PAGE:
In the past year I've gone back to work, after several months of waffling about whether or not I wanted it at all; it's been both a blessing and a curse. It turns out that taking a year away from your job means missed opportunities and vast changes, all of which I am still, after four months of being back, trying to catch up on. That's hard. (It also shouldn't be shocking. But the knowledge and the reality are totally separate things.) That said, I'm loving the day-to-day work -- seeing my regular patrons again, helping people with big questions and small ones, advising people on what to read next, and having tens of thousands of titles at my fingertips is all as awesome as I remembered it being. I'm running more programs than I ever have, including a new after school book club for an age group I've never had success drawing in, and my other book clubs are taking off like wildfire. Being back at work has inspired me to get back to blogging and reading, too.

The work/not-work split has meant that looking back at January of last year I feel almost as though I'm a different person from the person who wrote those reviews and read those books. Perhaps putting together this post will help unify things. Numbers! I still love them!

Books read in the past year: 54
Fiction read: 53
Nonfiction read: 1 (really?!)
Adult books read: 21
Young adult books read: 31
Middle-grade books read: 2
Graphic novels read: 23
Audiobooks listened to: 2
eBooks read: 13
Series started: 8
Series finished: 0 (though there are several of the above series I'm not intending to go any further with)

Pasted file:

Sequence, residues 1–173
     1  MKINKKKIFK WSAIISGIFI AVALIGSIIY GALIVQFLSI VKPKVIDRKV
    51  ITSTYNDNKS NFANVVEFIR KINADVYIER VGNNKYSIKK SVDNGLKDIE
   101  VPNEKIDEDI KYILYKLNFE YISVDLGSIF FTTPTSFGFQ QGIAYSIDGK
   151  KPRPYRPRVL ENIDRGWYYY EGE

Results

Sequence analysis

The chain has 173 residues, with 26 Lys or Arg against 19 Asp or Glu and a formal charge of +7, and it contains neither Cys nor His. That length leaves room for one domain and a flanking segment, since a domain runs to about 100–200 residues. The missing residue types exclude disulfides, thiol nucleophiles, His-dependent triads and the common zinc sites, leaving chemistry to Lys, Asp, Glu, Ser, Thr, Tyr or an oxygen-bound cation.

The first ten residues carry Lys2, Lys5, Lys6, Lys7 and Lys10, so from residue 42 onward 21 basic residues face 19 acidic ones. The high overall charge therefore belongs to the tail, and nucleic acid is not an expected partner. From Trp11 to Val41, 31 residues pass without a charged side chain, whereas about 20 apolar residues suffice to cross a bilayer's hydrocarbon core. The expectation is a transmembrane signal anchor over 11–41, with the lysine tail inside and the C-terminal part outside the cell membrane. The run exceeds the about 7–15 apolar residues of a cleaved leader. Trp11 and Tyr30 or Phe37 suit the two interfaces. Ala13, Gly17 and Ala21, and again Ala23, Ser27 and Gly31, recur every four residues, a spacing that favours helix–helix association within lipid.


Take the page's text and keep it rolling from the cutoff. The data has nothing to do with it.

Canadian: 4
Japanese: 23
American: 21
British: 5
South African: 1
Brazilian: 1

Books read by decade:
2010: 17
2000: 30
1990: 4
1980: 3
1930: 1

Aaand... I have to admit I'm surprised by some of those numbers. I can't believe I only read one nonfiction book in the whole of 2012. That seems crazy. I really like nonfiction. But it must be true. I'm also a little startled by how little Canadian fiction and nonfiction I managed to read last year. I don't pay a lot of attention to that sort of thing, but I do try to read locally, at least a little bit. Apparently I need to try a little harder. It occurs to me that most of the nonfiction I read does tend to be Canadian, so if I'm not reading as much nonfiction, I'm probably not reading as much Canadian.

Incidentally, though it looks like I read more books than last year, those numbers are heavily padded with manga series -- seven books of The Story of Saiunkoku and fourteen of Tsubasa: Reservoir Chronicle. And while I believe those books have a place on my list, they are short and generally easy reads, and it makes my tally look more impressive than I feel it is.